26.10.

1999: Hereditary Lords Lose the Right to have Seats in the British Parliament by Default

1999: Hereditary Lords Lose the Right to have Seats in the British Parliament by Default
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Story Highlights

  • historical event:
  • Since there was a relatively large number of hereditary noble title holders in Britain, as many as 1,330 people had the right to sit in the House of Lords on this day in 1999. A new law enacted during the same year drastically reduced this number.

On this day in 1999, the House of Lords of the British Parliament voted in a new law according to which hereditary lords lost their right to have a seat in the Parliament by default. Namely, until 1999 almost all UK citizens possessing a British aristocratic title automatically gained the right to sit in the Parliament. These aristocratic titles are the following, from lowest to highest: baron, viscount, earl, marquess, duke. The bearers of the four lowest among them are usually addressed as lords, while dukes have the right to be addressed “Your Grace”. Since there was a relatively large number of hereditary noble title holders in Britain, as many as 1,330 people had the right to sit in the House of Lords on this day in 1999.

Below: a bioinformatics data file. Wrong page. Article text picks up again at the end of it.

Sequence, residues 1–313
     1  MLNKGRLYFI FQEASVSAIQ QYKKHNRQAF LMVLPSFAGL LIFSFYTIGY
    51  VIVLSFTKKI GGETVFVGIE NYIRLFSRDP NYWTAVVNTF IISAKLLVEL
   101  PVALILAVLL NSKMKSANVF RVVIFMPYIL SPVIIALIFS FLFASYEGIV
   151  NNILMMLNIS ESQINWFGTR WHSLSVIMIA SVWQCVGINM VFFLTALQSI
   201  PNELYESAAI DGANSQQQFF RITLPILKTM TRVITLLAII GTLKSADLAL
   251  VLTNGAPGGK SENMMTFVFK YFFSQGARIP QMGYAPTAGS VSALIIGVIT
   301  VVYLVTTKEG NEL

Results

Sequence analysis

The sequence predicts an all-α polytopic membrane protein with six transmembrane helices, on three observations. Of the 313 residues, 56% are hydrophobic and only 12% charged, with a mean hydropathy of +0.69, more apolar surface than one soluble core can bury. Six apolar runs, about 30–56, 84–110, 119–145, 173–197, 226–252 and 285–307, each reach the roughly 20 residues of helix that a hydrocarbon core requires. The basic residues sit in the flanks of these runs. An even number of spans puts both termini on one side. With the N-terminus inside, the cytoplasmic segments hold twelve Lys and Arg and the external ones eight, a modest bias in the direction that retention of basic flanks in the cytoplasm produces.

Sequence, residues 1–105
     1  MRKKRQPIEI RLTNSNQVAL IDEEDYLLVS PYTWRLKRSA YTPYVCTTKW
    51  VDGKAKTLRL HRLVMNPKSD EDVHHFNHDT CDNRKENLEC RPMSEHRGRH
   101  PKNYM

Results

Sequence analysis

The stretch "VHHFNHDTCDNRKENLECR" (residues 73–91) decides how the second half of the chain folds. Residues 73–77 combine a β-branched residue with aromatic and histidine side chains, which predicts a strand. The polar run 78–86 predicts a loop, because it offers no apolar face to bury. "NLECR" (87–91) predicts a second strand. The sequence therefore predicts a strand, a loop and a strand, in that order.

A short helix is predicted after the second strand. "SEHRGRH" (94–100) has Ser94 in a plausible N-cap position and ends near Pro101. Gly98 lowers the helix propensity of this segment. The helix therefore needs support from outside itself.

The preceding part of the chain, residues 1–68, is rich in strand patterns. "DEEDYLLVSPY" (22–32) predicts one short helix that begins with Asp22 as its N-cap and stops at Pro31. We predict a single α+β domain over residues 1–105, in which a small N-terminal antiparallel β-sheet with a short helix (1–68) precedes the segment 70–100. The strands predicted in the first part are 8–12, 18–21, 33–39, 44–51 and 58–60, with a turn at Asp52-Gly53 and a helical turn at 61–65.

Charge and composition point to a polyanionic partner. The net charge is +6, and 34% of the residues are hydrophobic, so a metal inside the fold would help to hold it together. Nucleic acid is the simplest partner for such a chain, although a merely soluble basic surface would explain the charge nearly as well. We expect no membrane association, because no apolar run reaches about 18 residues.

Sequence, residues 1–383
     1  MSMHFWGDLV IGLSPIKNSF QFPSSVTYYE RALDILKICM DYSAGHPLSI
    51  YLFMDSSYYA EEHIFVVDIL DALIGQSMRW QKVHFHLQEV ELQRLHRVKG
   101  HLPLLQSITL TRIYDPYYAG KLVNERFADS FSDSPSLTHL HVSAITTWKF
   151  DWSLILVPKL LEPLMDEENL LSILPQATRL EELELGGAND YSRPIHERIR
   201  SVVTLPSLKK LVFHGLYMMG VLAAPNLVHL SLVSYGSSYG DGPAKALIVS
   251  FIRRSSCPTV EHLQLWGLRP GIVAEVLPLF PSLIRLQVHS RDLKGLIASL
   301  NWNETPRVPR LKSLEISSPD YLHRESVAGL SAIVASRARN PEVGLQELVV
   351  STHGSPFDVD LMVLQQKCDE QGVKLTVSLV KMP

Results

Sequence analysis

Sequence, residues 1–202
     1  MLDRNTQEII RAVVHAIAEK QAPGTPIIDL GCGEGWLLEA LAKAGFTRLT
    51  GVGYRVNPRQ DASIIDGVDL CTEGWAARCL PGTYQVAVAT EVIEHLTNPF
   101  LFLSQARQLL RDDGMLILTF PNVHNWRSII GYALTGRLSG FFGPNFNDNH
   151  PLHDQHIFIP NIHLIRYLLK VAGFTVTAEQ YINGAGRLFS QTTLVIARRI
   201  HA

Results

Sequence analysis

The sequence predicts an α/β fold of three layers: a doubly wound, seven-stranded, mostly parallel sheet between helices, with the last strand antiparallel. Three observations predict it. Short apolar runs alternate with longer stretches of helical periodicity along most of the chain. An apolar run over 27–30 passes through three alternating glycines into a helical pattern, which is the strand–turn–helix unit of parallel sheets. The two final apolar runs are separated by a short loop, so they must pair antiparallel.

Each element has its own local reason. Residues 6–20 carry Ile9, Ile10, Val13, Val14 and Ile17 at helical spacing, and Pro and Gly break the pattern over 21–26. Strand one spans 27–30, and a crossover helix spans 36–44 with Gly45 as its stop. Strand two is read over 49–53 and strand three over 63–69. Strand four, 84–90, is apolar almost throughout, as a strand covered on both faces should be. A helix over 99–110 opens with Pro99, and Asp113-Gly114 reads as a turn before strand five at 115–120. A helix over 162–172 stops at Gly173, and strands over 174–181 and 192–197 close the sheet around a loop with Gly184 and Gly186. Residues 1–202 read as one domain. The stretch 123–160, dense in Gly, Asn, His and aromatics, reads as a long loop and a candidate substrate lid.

After the introduction of the 1999 reforms, membership in the House of Lords was reduced to 660. All bearers of non-hereditary lordly titles still have membership rights. These are mostly people who have been awarded such titles from 1958 until today, and always bear the title of baron(ess). Such titles are awarded for merit and cannot be passed on to successors.

So as to avoid completely excluding hereditary lords from Parliament, a compromise has been reached. It was allowed for 92 hereditary lords to retain their seats in Parliament, with 90 of them being elected by their fellow hereditary lords. Only two people have hereditary membership – those who hold the titles Earl Marshal (the Duke of Norfolk) and Lord Great Chamberlain (currently the Marquess of Cholmondeley).

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